Learn how to protect your plants from the cold snaps.

Winter is here!! Learn how to protect your plants from the cold snaps.

The task of protecting your plants from “Old Man Winter” can be daunting, but if you adhere to these simple guidelines your landscape will be as beautiful as ever this Spring.

Jacksonville has many different micro-climates. So how much you will need to cover depends on where in town you live. For example, the beaches and along the river tend to be a few degrees warmer than the forecast and escape the worst of the freezes. While North and West of the river tend to be the coldest.

Hard Freeze Precautions! – Delicate plants need protection. Here are some valuable tips on how to care for your garden in freezing weather.

Some common plants found in Northeast Florida which need protection are:

TROPICALS – hibiscus, ginger, Hawaiian ti, xanadu, philodendron, croton, bougainvillea, stromanthe, arboricola, and ixora.

PALMS – roebelleni (pygmy date), adonidia (christmas), raphis (lady), bismarkia, and foxtail.

CITRUS – all at below freezing temperatures.

There are too many other sensitive plants to name here. If you are not sure about a certain plant in your yard try www.floridata.com or call us at 996-0712. Plants in containers are especially susceptible. Plant roots have little ability to acclimate or develop cold tolerance. While the ground stays well above freezing on a bitterly cold night, the soil in a container gets almost as cold as the air temperature.

Even though container plants’ above-ground parts may survive a cold snap the roots may suffer injury. Such injury is often not evident until several months later when warmer temperatures begin to place increased demands on the plant. To protect container plants, group them closely together in a protected location up against the home. If very cold temperatures are forecast, cover them with frost cloth for the night.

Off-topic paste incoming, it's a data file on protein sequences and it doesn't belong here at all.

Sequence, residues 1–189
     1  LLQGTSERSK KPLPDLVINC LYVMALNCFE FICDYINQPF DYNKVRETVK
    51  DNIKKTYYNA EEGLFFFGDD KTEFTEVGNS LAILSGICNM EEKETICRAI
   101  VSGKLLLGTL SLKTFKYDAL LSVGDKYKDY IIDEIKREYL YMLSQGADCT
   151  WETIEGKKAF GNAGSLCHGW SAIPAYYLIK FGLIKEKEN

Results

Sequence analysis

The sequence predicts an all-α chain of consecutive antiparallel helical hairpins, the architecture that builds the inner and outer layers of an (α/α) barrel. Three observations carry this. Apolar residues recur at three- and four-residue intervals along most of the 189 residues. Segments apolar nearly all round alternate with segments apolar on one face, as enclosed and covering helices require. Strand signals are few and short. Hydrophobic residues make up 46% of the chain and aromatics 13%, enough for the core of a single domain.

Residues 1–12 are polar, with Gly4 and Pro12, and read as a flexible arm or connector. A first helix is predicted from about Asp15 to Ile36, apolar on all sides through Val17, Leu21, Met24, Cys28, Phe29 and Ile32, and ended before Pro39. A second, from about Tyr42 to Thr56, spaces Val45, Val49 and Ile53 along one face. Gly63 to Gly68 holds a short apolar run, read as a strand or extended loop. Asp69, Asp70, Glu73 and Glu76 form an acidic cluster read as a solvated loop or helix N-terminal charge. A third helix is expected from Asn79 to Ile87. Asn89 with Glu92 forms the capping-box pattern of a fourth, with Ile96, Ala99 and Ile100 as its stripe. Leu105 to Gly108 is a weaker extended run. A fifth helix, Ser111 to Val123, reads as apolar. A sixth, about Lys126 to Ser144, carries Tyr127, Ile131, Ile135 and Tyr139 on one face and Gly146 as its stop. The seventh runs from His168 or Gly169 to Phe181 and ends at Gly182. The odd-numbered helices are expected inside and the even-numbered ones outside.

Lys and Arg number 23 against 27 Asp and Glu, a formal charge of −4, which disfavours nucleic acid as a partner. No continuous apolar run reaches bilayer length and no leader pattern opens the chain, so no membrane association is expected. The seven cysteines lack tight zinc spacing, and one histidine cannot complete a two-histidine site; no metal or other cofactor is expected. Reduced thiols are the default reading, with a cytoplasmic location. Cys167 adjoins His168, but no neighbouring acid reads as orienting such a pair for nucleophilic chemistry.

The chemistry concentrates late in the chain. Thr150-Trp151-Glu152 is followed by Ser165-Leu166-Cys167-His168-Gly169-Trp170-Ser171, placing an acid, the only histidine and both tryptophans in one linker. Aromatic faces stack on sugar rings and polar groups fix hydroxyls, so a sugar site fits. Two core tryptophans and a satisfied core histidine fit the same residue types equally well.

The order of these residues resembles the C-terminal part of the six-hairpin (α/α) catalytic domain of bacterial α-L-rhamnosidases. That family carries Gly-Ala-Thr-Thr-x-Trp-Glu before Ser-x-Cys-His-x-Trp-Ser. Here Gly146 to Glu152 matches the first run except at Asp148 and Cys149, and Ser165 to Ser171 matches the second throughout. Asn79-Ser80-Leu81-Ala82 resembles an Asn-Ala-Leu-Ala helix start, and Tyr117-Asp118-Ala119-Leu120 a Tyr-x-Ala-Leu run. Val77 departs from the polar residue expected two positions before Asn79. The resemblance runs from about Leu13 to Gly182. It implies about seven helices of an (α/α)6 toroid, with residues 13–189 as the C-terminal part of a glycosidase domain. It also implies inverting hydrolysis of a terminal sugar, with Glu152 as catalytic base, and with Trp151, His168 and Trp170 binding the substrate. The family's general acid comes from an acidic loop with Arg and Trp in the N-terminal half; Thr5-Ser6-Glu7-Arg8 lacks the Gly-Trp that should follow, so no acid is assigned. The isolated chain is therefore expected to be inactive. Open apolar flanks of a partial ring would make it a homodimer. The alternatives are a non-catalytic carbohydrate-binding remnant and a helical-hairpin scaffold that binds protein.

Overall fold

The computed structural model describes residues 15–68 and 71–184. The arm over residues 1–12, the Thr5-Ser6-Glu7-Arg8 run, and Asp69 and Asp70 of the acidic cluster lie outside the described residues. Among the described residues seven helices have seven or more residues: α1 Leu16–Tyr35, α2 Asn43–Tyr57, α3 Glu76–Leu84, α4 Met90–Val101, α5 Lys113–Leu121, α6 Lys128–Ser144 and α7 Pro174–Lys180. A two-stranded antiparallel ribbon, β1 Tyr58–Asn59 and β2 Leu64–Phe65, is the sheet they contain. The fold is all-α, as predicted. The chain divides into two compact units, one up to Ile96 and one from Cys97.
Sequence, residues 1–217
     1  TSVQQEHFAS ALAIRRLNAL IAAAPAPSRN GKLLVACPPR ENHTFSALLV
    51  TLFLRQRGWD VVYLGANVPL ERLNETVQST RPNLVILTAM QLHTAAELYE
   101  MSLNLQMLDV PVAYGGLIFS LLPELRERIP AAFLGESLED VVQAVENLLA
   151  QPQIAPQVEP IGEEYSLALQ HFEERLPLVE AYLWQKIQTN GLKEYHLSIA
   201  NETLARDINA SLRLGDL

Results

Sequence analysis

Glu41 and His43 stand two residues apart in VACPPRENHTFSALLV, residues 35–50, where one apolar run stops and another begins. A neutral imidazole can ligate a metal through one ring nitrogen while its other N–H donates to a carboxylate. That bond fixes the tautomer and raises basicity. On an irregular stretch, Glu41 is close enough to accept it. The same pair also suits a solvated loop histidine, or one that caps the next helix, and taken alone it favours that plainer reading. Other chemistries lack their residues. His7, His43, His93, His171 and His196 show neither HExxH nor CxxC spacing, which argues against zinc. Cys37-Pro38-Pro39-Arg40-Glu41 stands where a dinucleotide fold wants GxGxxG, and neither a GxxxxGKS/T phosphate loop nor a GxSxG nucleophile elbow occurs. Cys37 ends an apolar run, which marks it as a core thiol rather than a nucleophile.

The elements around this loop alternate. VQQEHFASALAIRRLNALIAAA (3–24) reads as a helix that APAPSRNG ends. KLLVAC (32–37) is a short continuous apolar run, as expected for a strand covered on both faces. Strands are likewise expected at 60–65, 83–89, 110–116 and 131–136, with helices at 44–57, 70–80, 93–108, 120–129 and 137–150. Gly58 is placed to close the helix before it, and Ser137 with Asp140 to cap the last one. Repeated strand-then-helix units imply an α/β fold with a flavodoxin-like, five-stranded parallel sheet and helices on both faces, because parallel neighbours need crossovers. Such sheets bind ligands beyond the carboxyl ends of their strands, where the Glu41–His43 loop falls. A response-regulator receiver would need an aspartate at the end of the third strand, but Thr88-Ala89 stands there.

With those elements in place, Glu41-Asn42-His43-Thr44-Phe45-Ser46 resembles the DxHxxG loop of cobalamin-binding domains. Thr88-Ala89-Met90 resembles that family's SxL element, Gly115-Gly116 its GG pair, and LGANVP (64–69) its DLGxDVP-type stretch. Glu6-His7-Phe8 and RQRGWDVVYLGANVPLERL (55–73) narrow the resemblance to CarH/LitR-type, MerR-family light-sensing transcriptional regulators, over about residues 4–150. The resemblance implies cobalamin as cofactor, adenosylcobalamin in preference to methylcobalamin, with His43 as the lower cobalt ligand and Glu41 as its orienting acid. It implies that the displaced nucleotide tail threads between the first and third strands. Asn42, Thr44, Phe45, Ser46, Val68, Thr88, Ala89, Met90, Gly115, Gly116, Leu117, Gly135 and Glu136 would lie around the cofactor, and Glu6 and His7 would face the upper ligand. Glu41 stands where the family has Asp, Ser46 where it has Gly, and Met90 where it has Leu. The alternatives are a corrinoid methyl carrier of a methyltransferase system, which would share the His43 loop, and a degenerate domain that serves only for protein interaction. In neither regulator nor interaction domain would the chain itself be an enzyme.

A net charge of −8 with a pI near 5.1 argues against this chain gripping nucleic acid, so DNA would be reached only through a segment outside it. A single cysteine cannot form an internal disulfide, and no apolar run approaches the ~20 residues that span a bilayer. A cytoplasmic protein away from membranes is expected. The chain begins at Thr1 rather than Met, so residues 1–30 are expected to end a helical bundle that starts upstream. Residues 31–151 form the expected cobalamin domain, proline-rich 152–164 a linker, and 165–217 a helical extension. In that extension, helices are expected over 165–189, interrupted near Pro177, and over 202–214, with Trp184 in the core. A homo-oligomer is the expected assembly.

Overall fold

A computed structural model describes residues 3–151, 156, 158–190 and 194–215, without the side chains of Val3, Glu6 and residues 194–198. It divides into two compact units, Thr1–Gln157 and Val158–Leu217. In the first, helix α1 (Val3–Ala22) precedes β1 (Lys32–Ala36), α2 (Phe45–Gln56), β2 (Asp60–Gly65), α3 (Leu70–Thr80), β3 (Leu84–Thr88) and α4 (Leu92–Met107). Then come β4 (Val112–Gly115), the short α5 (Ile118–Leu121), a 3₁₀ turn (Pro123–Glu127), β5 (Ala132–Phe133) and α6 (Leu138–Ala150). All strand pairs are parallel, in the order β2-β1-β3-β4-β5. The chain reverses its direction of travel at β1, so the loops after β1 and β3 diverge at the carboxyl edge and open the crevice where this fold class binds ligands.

The best way to protect in-ground plants from the cold is to cover them. At Earth Works, as well as other garden shops, you can find a freeze cloth that is light-weight yet thick enough to provide a few degrees of protection on a cold night. Blankets also work well but are heavier and may require some supports to avoid crushing tender bedding plants, especially when weighted down by rain.

A sheet of plastic placed on top of a blanket can help hold the warm air underneath. However, plastic can burn any leaves it touches on a cold night. This is avoided by placing it over a cloth cover. If more than one night of protection is needed, remove the covers during the day to allow the sun to warm the soil. Then cover them again late in the day.

Blankets keep us warm because they help contain the heat that our bodies produce. Plants do not produce heat for the cover to hold in. The heat we are trying to contain is in the soil. Therefore whenever possible the covers should go over the plants and to the ground. In some cases, this just isn’t practical, like with a tall roebellini palm. In such cases, gathering and wrapping the head of the palm will be necessary. Be careful to include the “heart” from which the new fronds grow.

Two other handy items are a mechanic’s light or a string of outdoor Christmas lights. These can be placed under the covers to give added heat. Just take the obvious precautions to avoid fire hazards and electric shorts. Also, take care not to allow a hot light bulb to contact and damage plant tissues such as the trunk or branches. Use lights beneath a cover to protect valuable but marginally hardy plants like citrus trees. They can also make the difference for an in-ground bougainvillea on a really cold night.

When a freeze is a forecast, give plants a good watering a day or so in advance. Drought-stressed plants are more susceptible to cold injury. The moist soil is also a good “heat sink”, absorbing heat during the day and radiating it out slowly on a cold night. Combined with a cover it can make a small but important difference.

Of course, we must take care not to overwater, creating a water-logged soil condition. Soil dries out much more slowly in winter. Soggy soil excludes oxygen from the roots, often resulting in root loss and attack by root-rotting fungi.

Finally, you can use leaves to mulch perennial plants. A thick blanket of leaves can help protect marginal perennials.

We have rolls of 12′ wide freeze cloth to cut to any length as well as precut packages available at the Garden Center. If you have any questions just give us a call 996-0712.

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